Category Archives: XAF

Hosting XAF ASP.NET Projects using Azure Web Sites

Azure Web Sites is a new offering from Microsoft under their Windows Azure cloud platform. It’s a scalable solution that allows you to host ASP.NET, PHP, and node.js projects. If your needs are basic, your sites – up to 10 of them – can be hosted for free*. If you need something like a custom domain, you’ll pay a bit more – currently about $8/mo. If you’d like a reserved instance, rather than shared, that will kick it up to around $70/mo. But you can run several of your web sites on that one reserved instance.
*bandwidth and database sold separately see site for details

The awesome thing is that you can start with the free setup, get up to 10 web sites going and, if your needs grow, scale your web sites up by simple dragging sliders in a web portal. It’s all very simple and straightforward and seems to work well.


One of the first things I tried with the free Azure Web Sites preview was hosting an eXpressApp Framework ASP.NET solution and database. While there are a few gotchas that came with publishing my XAF project to Azure Web Sites, most were the sort of issues you’d work through publishing an XAF ASP.NET project to any new server. However, there are some Azure-specific steps needed to work through some of these, which I’ll cover towards the end.

To get started, head to the Windows Azure homepage and sign up for Azure Web Sites. Afterwards, visit the Azure management portal. Note that after signing up for Azure Web Sites you’ll be treated to a nice new HTML5 UI for the Azure management portal (unfortunately the database management portal is still Silverlight).

Once you are in the management portal, click WEB SITES on the left, then click the NEW button at the bottom-left of the portal. Select the CREATE WITH DATABASE option (no I’m not yelling, the site is covered in caps).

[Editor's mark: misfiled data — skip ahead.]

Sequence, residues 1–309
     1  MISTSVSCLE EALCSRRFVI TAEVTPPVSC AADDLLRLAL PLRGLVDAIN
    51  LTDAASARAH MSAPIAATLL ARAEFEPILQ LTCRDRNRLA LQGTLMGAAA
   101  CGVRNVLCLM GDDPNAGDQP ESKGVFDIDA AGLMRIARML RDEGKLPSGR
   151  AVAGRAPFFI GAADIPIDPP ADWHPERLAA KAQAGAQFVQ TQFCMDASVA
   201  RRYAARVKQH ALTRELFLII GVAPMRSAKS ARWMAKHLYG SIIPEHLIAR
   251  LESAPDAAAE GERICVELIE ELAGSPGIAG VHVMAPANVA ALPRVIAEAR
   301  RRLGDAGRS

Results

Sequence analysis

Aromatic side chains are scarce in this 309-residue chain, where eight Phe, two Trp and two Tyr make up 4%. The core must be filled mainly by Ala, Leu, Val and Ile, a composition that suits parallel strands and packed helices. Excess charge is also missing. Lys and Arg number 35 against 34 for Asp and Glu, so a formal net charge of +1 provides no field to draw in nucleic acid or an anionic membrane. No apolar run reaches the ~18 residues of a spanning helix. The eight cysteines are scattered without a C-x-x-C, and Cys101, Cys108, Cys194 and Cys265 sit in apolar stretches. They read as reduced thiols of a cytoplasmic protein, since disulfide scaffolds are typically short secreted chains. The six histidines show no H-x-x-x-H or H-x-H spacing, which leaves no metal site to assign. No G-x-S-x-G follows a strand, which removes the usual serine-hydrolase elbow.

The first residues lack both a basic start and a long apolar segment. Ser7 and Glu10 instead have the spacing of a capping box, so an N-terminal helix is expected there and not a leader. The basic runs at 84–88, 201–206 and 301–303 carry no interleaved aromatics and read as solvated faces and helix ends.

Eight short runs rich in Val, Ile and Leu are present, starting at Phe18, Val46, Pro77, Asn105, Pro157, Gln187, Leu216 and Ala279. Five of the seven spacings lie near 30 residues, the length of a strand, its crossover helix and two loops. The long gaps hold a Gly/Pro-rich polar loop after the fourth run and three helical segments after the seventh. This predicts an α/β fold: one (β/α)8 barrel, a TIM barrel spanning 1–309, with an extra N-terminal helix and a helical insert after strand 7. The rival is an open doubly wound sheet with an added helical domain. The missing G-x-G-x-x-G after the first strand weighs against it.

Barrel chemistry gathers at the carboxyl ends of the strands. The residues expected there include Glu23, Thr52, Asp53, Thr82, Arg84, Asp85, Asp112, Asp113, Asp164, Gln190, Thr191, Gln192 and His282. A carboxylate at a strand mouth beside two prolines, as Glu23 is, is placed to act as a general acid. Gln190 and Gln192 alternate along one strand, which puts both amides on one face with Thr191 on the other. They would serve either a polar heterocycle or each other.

You’ll need to give both your web site and database a name, and assign a login name and password for your database.


After the process completes, you’ll be left at the DASHBOARD screen for your new web site. On the right, under quick glance, click Download publish profile. This is the file you’ll use in Visual Studio to publish your XAF ASP.NET project. Next, click View connection strings and note the ADO.NET connection string for your Azure database instance.


As a final step in the Azure portal, scroll down the DASHBOARD page and click the link to your database under linked resources. Click the MANAGE button at the bottom of the portal. This should prompt you to add your current IP address to the firewall rules so that you can access the SQL database. Click YES.


This is necessary if you want to debug your application locally with the database hosted on Azure. Afterwards you can click NO to manage the database (we just needed the firewall rule added).

Next, if you haven’t already, you’ll want to download and install the Windows Azure SDK.

Now we can jump into Visual Studio and start the process of setting up the XAF ASP.NET project for hosting in Azure. First, double-click the WebApplication.cs file in the Web project. Select the Sql Connection and then edit its ConnectionString property, using the ADO.NET connection string from above. Make sure you use your real password as that will not be shown in the portal.


With the new connection string in place, and with the firewall rule added from the steps above, you should now be able to click Start to debug your XAF ASP.NET project, and successfully run against the new Azure database. This step will also create the destination database schema within the database hosted on Azure.

With these changes in place, right-click the Web project and click Publish. Click the Import button on the first screen and import the publishing profile you saved from the Azure portal.


Click Next through the wizard. On the final page you can click Start Preview to preview what will be published. Finally, click Publish.

Aaaand YSOD! Here’s where a bit of troubleshooting comes in. Some of this will be similar to publishing an ASP.NET XAF project to any host. Start by disabling Custom Errors in your web.config and Publish again.

Now you should see that the problem is that the DevExpress ExpressApp assemblies are not on the server.


Multi-select the DevExpress assemblies referenced by your Web project using CTRL or SHIFT. In the Properties Window, set Copy Local to True.


Go ahead and Publish again. Now, all of the DevExpress assemblies referenced by your project will be uploaded to Azure.

Aaaand YSOD! Even after setting all of the assemblies explicitly referenced by the ASP.NET project to Copy Local, there are missing ExpressApp assemblies.


Some assemblies – for instance DevExpress.ExpressApp.Security and DevExpress.ExpressApp.Objects – are not explicitly referenced by any of the XAF projects (mentioned to DevExpress here). While this may be addressed by DevExpress in a future update, in the meantime you’ll need to explicitly add any references with the Add Reference dialog, set Copy Local to true, Publish, and repeat on YSOD.